According to a report by industry experts with GasBuddy.com, average gas prices are set to hit a four year high in 2018.
The Canadian average price for gasoline is predicted to be $1.19, the highest it's been since 2014.
Senior Petroleum Analyst with GasBuddy.com, Dan McTeague says there's numerous reasons for the spike this year, including oil firming up to the $60 to $70 a barrel range.
He says a weak Loonie is a big contributor to the increase, saying the Canadian dollar is not keeping pace with higher oil values, due to a lack of exports to the U.S.
"If we're discounting our oil now almost 26 dollars a barrel it means the Canadian dollar is suffering, and we know when the Canadian dollar loses ground to the U.S. gasoline prices go up because we price all of our fuel in U.S. terms," he explains. "We may be cheering a lower Canadian dollar as good for exports, but from a motorist's perspective not having enough pipelines and limiting our oil getting to world markets is going to have a negative impact not just in terms of the country's bottom line, but it's also going to lead to higher gas prices."
Along with a weak dollar comes surging fuel demand in the U.S., where demand for petroleum products rose at record-setting levels in 2017.
"We know that U.S. demand continues to exceed expectations and break records, and that of course puts greater pressure on prices here in Canada."
Another factor in the jump is OPEC'S decision extend its cuts to oil production into 2018.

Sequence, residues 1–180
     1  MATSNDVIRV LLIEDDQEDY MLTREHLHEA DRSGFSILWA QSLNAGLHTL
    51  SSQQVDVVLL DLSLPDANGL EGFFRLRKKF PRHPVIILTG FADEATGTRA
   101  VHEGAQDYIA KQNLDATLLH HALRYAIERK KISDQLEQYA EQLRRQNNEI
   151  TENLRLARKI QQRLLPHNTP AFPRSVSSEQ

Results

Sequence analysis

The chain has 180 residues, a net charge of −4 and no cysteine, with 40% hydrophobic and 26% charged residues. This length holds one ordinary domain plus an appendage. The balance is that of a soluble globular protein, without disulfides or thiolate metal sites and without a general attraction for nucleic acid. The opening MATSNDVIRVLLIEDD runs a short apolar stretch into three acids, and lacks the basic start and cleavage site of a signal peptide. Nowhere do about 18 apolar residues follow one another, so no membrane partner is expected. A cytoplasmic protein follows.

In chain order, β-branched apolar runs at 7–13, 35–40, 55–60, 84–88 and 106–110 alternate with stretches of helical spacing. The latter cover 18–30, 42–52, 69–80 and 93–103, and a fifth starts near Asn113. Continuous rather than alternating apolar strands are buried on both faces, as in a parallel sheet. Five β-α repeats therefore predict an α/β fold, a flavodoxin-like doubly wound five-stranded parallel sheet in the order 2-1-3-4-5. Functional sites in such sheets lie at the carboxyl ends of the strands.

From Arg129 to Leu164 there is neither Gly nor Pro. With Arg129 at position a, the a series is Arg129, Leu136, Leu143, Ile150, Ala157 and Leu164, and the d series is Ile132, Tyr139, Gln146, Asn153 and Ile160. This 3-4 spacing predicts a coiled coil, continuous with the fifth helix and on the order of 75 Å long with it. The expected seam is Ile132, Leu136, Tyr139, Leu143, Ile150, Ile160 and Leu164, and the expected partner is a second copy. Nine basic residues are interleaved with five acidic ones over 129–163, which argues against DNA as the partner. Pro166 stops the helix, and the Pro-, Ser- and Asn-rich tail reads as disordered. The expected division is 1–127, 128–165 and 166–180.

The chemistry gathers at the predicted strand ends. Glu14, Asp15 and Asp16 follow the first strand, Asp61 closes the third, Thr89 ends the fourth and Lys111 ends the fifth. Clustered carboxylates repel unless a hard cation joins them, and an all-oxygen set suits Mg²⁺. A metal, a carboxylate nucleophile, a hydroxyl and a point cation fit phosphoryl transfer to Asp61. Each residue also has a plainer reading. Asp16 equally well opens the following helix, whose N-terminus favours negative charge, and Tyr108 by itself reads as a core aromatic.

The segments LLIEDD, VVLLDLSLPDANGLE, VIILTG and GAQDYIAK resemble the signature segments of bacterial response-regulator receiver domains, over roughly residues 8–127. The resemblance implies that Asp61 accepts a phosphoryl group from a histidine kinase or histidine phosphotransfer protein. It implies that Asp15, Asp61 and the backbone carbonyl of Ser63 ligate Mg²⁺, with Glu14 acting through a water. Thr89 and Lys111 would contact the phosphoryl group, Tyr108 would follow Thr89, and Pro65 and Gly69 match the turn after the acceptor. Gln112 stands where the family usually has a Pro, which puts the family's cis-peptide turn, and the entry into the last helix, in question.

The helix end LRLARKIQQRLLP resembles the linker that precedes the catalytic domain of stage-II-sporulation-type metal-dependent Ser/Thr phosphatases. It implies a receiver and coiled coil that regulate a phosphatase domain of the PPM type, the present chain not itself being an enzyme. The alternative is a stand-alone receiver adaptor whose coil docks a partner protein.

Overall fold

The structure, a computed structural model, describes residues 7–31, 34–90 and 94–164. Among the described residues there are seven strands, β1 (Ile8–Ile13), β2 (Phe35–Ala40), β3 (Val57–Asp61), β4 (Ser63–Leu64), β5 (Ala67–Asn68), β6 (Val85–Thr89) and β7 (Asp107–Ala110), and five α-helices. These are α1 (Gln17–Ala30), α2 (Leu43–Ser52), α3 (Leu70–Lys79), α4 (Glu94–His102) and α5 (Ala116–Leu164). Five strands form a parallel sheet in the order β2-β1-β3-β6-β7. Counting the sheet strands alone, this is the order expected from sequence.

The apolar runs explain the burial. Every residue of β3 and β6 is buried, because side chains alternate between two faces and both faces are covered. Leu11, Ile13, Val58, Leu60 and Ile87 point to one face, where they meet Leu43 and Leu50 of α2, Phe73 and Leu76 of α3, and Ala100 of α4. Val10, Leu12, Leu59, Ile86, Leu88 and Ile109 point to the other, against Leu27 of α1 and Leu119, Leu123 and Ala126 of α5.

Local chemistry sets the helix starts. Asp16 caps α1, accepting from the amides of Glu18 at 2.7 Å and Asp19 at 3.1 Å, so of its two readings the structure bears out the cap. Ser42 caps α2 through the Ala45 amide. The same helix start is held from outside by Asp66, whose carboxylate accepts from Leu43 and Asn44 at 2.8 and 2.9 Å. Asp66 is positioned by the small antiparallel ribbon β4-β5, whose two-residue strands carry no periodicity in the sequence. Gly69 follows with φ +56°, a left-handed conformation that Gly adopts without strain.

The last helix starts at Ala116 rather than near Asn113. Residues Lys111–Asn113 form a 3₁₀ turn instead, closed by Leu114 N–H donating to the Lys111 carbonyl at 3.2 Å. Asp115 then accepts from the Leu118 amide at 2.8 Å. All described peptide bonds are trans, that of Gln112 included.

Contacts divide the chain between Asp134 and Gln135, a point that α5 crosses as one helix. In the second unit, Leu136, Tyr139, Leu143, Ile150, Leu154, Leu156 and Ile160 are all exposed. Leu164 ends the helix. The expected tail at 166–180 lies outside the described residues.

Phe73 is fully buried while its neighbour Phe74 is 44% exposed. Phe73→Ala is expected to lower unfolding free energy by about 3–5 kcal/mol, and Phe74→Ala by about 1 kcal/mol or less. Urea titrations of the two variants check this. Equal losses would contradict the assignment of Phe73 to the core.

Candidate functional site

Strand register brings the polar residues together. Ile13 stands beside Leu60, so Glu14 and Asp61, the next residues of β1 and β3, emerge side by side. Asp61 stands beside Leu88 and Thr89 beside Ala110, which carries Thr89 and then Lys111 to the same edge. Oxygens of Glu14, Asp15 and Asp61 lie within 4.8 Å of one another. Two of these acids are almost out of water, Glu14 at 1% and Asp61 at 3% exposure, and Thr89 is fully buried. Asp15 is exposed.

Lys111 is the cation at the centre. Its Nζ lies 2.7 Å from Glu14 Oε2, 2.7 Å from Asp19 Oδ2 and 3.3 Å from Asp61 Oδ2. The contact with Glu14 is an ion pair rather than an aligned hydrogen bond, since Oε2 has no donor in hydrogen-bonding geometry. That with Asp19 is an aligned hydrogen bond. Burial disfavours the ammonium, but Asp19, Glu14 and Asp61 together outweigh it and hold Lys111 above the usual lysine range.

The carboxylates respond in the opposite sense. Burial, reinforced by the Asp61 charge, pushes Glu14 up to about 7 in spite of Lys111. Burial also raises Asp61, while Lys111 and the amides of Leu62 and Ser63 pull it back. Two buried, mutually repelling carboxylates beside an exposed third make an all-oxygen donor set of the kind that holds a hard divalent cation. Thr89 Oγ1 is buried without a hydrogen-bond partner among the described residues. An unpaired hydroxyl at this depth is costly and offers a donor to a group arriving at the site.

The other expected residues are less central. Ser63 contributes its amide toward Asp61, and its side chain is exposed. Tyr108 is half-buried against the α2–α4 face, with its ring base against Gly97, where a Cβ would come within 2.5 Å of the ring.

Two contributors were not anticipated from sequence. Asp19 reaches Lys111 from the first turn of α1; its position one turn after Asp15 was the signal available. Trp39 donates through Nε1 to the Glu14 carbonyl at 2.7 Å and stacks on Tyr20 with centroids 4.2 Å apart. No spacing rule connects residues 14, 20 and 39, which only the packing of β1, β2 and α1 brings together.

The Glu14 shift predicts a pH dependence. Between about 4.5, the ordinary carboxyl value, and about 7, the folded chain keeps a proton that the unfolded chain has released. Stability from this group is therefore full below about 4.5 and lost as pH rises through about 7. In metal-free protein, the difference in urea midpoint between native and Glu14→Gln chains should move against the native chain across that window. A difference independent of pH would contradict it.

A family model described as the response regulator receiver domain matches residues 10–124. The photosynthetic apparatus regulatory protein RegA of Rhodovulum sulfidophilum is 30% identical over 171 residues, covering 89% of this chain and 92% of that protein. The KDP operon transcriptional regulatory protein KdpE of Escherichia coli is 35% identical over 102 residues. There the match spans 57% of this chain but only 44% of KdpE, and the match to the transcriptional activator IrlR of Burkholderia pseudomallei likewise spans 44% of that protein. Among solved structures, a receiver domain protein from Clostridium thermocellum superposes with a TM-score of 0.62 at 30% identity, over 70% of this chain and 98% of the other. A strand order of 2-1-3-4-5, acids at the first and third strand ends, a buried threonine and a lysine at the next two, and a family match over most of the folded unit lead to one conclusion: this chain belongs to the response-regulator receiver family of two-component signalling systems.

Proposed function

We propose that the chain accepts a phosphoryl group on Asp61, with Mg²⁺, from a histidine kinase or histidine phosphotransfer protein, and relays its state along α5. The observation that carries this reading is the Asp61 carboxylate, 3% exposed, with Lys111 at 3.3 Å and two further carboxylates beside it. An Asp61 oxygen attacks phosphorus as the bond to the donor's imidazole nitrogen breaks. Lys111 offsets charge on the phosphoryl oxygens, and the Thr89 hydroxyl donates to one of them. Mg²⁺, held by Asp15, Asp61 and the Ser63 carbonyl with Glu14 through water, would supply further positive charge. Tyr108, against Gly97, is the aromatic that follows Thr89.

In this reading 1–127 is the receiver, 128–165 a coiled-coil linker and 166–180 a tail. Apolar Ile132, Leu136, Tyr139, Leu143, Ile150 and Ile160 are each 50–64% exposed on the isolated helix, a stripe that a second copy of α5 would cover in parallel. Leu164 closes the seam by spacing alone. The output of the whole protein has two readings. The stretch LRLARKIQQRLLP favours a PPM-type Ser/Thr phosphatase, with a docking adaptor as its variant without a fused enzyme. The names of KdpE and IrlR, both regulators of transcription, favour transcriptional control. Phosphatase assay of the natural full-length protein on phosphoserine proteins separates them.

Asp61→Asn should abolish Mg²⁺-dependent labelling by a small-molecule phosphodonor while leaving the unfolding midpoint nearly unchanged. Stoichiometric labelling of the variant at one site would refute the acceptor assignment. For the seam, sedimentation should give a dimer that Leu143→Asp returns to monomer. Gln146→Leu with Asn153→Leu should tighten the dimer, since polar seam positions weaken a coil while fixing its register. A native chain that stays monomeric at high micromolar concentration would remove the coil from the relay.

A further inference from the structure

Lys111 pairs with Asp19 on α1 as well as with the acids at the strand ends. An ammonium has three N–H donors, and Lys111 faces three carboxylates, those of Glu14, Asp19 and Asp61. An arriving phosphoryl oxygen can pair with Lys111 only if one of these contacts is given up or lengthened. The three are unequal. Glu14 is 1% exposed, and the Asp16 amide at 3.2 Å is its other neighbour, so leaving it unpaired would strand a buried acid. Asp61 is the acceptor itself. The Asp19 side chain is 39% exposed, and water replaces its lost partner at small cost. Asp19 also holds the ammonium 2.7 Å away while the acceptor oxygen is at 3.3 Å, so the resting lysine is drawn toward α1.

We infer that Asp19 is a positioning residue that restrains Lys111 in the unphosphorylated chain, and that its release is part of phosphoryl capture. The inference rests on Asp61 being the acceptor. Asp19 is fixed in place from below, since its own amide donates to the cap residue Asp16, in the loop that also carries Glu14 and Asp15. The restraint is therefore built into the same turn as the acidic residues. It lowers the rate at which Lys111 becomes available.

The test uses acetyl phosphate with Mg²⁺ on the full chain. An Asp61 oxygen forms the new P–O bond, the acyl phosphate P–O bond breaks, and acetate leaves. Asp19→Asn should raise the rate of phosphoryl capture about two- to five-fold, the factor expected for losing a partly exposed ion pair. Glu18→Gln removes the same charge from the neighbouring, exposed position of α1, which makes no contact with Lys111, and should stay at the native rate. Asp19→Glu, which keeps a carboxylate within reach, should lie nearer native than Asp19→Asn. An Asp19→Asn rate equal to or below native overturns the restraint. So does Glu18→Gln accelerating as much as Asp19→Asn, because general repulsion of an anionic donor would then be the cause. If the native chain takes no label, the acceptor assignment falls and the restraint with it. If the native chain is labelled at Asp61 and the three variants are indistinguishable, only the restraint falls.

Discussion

"This is in light of the poor decision they made in 2014 to flood the market to try to drive down oil prices," he says. "That backfired and they're trying to close the proverbial "Pandora's Box," and in the process we are seeing oil production output slow down while global demand for oil continues to rise."
While production cuts continue, world-wide demand is also set to hit 100 million barrels a day for the first time in history, driving up the price of oil.
McTeague says the report doesn't consider geopolitical risks,like unrest in the Middle East or adverse weather.
"We see the five cents a litre average increase given the government's propensities to increase carbon taxes as being a very conservative figure, it could be much higher than that and we could exceed all those numbers."
The report also predicts September to be the most expensive month for fuel in Canada, McTeague figures prices could jump to between $1.21 and $1.27 country wide.
To read more on the 2018 Fuel Outlook click here.
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